In this article, let’s examine the technical aspects of crypto mining. In the blockchain, every block has a previous block except the very first block or the genesis block. Miners are competing to validate a new block by solving a complex mathematical puzzle. To explain in details, let’s take a look at the latest bitcoin mined block, block #540909 at the time of writing this article.
Notice that the block height is is 540909, which means there are 540909 blocks in the bitcoin blockchain.
Let’s call the successful miner for this block Mr.John. Before John successfully
In actual fact, while John’s computer(also known as a node) was searching for the Proof of Work for the previous block, it was also searching for new transactions. Those new transactions are added to the memory pool or transaction pool. The memory pool is a node’s temporary storage area for transaction data.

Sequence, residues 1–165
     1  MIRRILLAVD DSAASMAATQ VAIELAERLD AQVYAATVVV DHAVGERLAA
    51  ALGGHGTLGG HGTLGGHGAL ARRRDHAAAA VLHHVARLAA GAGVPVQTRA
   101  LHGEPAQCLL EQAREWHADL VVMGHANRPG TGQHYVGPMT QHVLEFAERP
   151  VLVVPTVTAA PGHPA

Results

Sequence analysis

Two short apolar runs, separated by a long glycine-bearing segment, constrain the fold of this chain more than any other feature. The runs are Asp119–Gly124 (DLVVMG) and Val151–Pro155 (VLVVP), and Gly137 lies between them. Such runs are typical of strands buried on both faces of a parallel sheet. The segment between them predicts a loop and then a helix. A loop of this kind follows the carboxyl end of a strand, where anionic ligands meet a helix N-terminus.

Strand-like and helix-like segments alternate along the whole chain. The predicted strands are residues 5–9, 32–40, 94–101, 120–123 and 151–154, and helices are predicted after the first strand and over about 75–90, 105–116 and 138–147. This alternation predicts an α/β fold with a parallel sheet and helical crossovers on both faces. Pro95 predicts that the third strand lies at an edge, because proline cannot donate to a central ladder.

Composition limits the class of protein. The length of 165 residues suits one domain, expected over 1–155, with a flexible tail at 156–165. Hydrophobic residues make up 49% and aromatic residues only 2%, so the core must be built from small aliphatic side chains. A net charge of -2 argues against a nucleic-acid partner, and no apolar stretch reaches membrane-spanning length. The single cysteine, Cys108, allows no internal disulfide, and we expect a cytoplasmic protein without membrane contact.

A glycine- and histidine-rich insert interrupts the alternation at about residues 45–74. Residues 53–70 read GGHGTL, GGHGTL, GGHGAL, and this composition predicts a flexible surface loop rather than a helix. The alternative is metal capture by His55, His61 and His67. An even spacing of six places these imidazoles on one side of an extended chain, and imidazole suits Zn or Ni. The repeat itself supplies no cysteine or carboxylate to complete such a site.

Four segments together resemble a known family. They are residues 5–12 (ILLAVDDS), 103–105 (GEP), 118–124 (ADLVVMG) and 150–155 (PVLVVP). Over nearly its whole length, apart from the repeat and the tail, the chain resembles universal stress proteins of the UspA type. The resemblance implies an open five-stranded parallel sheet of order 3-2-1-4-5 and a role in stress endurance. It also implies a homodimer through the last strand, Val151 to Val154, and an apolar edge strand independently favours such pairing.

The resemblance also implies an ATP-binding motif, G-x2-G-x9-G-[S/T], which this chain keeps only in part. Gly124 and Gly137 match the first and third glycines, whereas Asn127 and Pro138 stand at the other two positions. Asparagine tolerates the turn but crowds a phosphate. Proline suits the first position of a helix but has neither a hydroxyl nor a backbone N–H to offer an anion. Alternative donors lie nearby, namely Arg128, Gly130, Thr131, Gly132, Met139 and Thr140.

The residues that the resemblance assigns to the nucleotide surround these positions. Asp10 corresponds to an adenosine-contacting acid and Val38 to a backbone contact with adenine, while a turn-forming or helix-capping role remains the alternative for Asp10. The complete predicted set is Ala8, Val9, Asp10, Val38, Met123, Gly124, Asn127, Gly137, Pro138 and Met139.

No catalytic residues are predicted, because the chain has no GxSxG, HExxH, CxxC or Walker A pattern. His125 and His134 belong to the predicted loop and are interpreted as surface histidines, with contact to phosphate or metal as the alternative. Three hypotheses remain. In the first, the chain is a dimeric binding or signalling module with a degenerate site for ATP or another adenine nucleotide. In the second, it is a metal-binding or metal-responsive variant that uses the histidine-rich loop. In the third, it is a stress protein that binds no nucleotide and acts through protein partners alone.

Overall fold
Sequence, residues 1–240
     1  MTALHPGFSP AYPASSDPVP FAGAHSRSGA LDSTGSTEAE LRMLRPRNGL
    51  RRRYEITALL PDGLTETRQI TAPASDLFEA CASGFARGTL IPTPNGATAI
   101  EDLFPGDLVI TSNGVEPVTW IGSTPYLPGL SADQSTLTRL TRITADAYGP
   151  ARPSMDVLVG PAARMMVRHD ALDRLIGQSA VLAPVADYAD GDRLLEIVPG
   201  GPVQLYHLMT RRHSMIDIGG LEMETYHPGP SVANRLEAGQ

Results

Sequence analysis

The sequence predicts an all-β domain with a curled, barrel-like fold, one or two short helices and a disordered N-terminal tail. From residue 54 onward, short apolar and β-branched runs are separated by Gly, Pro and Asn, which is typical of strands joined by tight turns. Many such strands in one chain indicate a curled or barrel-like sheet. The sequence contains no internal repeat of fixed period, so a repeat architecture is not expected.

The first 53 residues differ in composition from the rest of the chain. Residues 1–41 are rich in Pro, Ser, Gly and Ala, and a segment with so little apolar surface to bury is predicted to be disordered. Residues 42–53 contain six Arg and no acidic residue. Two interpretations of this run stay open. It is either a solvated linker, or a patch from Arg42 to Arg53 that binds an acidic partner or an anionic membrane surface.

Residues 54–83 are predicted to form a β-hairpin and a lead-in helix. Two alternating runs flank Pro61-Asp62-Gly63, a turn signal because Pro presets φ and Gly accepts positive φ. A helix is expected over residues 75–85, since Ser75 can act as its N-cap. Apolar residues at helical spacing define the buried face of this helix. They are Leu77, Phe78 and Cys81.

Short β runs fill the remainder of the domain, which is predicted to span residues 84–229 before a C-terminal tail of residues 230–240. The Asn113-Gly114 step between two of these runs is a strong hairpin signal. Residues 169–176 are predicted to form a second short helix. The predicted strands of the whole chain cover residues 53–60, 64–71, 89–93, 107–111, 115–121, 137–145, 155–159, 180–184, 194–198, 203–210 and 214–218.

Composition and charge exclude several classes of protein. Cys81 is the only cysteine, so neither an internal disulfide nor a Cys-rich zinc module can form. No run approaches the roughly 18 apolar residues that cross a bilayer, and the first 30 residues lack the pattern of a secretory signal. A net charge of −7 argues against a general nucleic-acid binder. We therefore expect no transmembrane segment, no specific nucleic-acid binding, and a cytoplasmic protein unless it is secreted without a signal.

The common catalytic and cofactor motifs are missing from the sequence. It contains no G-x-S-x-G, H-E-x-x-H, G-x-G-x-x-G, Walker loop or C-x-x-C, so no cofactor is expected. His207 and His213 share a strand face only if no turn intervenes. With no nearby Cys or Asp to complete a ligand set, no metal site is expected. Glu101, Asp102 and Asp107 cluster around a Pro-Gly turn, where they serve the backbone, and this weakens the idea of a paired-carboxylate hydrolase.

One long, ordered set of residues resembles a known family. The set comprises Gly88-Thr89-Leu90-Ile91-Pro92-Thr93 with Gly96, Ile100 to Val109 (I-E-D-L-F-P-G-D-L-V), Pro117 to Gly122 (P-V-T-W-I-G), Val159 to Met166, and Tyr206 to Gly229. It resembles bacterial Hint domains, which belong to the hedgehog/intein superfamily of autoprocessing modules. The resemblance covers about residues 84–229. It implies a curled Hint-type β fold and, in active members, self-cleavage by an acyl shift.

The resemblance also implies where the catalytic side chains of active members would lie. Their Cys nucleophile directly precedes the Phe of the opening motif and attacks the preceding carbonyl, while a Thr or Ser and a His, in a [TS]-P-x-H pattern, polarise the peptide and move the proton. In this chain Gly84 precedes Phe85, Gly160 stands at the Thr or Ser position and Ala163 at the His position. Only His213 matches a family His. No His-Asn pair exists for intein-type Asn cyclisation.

In constructing the candidate block, John’s node starts gathering the transactions in the transaction pool. It removes the transactions already present in the previous block if there are any. The block is called a candidate block because it doesn’t have a valid Proof of
As you can see that block #540909 has 1696 transactions inside it. This was the number of transactions present in John’s transaction pool when he created his candidate block. The mining process can be illustrated in the following figure.
In the mining process, John’s node is creating a
John reward by mining this block is as follows;
Total Reward = Reward for mining block + transactions fees
= 12.5 BTC+0.15289664 BTC
= 12.65289664 BTC
The details of the transaction is as follows:
You can see the No Inputs (Newly Generated Coins) statement. It is because coinbase transactions do not come from anyone’s wallet, so they cannot have any inputs. You only have the winning miner’s wallet address here.